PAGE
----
Effects of the horizontal propagation and refraction of gravity waves on elevated stratopause after sudden stratospheric warming
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- Effects of the horizontal propagation and refraction of gravity waves on elevated stratopause after sudden stratospheric warming
- Other Titles
- 성층권 돌연 승온이후 상승된 성층권계면에 끼치는 중력파의 수평 전파 및 굴절의 효과
- Song, In-Sun
- 상승된 성층권계면; 성층권 돌연 승온; 중력파 수평전파 및 굴절
- Issue Date
- Song, In-Sun, et al. 2017. Effects of the horizontal propagation and refraction of gravity waves on elevated stratopause after sudden stratospheric warming. European Geosciences Union (EGU) General Assembly. 비엔나. 2017.04.24~2017.04.28.
- Mesospheric temperature has been measured through the observation of airglow emissions from OH Meinel bands near 87 km altitude using the Fourier Transform Spectrometers (FTSs) operated at both Esrange (67o53'N, 21o04'E), Kiruna, Sweden and Korea Dasan station (78o55'N, 11o56'E), Ny-Alesund, Svalbard since November 2002. The FTS observations have provided simultaneous records of time evolutions of air temperature at the two different latitudes in association with elevated stratopause (ES) after major sudden stratospheric warming (SSW) events. ES-like phenomena and relevant warming have been simulated using global circulation models such as the whole-atmosphere community climate model (WACCM), but the modeled warming is found to be much weaker compared with the FTS observations (and satellite observations) especially in the higher latitudes (e.g., Dasan station). Considering that gravity waves (GWs) may have substantial impacts in the generation and evolution of the ES, the discrepancy between observation and model may be attributed to common issues in GW parameterizations in the model simulation: Uncertainty in GW spectra and unrealism in GW propagation (i.e., columnar propagation). In this study, we investigate the effects of the horizontal propagation and refraction of GWs on the warming associated with the ES after major SSW events using a ray-tracing model with specified GW spectra. Preliminary results for steady background flows show that the horizontal propagation and refraction increase westward GW momentum forcing near z = 100 km in the NH high latitudes that can induce downward motions and adiabatic warming in the NH polar regions below z = 100 km. Results are extended for time-varying background flows and different GW spectra to consider tidal effects and improve robustness of results, respectively.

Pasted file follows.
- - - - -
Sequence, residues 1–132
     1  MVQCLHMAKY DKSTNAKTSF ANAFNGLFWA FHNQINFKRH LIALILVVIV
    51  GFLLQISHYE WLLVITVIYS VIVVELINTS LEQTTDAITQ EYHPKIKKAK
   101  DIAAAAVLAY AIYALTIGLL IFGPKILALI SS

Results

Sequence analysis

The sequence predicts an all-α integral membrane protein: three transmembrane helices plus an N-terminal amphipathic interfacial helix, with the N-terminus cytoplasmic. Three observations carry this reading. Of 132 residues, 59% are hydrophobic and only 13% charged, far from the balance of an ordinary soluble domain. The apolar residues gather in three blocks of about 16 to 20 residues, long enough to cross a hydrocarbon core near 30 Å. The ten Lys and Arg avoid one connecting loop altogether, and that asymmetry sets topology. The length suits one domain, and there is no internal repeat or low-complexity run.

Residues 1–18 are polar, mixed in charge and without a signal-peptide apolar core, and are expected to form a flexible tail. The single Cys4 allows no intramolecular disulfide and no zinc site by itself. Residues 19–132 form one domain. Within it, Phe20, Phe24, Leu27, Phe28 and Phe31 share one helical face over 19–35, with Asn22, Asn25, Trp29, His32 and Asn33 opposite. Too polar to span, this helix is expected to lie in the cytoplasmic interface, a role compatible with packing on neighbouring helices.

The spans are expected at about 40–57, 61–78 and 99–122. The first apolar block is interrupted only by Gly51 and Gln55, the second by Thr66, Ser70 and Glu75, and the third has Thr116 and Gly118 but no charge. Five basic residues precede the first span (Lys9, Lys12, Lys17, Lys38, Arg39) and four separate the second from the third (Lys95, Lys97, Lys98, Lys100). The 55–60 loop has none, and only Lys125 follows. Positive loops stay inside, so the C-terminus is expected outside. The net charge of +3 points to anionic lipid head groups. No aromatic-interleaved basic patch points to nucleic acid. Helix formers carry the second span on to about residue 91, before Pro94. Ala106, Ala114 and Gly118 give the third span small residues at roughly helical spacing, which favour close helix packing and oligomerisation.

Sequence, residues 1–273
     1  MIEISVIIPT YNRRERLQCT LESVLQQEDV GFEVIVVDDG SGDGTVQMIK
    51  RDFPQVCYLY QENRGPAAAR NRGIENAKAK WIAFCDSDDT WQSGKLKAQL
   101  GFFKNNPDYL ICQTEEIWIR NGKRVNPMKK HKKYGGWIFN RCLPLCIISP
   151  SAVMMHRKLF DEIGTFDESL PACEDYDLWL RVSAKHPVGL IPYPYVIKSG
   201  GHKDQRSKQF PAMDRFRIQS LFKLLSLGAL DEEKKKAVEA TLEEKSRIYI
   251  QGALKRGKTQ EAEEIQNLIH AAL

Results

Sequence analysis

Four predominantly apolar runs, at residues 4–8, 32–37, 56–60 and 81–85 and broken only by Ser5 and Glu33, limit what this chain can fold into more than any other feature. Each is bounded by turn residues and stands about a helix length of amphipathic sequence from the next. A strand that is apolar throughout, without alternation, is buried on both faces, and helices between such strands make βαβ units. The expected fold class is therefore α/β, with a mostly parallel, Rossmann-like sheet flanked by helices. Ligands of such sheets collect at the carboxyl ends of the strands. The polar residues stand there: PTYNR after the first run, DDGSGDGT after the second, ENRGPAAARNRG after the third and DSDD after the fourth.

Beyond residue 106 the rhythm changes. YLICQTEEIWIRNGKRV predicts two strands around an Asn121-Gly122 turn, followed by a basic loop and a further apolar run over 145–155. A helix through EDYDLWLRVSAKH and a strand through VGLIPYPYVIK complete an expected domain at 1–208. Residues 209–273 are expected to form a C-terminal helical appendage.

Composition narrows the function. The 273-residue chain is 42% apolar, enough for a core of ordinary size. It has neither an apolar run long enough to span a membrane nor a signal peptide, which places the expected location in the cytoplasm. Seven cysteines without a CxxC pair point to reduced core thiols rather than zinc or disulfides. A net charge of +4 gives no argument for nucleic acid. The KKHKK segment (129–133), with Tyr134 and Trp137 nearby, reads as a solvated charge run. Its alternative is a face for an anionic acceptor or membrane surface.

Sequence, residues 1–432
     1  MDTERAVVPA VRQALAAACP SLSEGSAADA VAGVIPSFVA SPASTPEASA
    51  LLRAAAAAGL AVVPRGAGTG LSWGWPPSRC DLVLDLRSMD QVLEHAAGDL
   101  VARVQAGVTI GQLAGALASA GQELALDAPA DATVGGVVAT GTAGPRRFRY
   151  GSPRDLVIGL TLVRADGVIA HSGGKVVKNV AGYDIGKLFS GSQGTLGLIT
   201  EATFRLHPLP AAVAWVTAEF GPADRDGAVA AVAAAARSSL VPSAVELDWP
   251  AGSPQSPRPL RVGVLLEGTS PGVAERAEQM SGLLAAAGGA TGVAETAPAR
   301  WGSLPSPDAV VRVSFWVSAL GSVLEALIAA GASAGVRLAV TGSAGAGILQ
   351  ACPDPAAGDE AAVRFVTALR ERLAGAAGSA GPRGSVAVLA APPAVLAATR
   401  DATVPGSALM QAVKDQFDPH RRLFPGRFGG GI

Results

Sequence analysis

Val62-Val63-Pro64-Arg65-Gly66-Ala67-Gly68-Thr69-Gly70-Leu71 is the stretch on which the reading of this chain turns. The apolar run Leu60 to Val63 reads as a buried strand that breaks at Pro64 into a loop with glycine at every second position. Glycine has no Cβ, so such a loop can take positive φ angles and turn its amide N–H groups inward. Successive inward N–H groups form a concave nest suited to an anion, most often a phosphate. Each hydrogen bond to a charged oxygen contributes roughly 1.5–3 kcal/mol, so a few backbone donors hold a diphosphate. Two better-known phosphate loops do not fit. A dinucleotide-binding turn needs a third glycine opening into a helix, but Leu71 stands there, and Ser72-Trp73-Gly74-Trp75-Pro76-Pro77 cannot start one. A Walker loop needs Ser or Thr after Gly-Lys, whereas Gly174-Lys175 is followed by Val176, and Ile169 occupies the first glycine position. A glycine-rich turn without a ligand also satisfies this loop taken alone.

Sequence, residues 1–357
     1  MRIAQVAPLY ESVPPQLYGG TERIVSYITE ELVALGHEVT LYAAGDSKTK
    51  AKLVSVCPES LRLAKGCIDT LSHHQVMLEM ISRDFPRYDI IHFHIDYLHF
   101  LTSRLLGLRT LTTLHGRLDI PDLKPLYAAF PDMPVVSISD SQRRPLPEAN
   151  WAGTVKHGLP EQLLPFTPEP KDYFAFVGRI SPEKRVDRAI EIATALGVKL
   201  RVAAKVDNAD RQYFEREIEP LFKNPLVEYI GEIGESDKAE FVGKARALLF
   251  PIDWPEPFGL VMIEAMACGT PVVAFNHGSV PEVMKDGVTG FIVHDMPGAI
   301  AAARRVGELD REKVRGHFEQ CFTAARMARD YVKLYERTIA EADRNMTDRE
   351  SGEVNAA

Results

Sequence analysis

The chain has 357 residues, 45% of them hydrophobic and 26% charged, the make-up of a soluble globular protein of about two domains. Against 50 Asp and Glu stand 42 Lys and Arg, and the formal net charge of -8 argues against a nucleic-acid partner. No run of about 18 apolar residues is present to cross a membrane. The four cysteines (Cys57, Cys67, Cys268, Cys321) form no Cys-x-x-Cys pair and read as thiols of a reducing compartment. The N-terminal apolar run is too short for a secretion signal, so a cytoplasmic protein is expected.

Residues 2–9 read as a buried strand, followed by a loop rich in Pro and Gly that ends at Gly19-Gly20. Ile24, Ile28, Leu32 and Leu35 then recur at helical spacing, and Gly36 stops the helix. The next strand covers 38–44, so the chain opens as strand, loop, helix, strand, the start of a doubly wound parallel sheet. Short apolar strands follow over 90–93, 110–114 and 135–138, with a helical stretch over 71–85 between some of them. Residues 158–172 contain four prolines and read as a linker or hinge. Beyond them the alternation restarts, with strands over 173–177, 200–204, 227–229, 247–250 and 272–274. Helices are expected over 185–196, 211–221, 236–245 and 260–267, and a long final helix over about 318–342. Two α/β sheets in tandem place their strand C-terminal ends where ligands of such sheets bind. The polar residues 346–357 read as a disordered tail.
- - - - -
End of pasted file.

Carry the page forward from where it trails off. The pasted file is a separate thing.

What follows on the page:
- Conference Name
- European Geosciences Union (EGU) General Assembly
- Conference Place
- Conference Date
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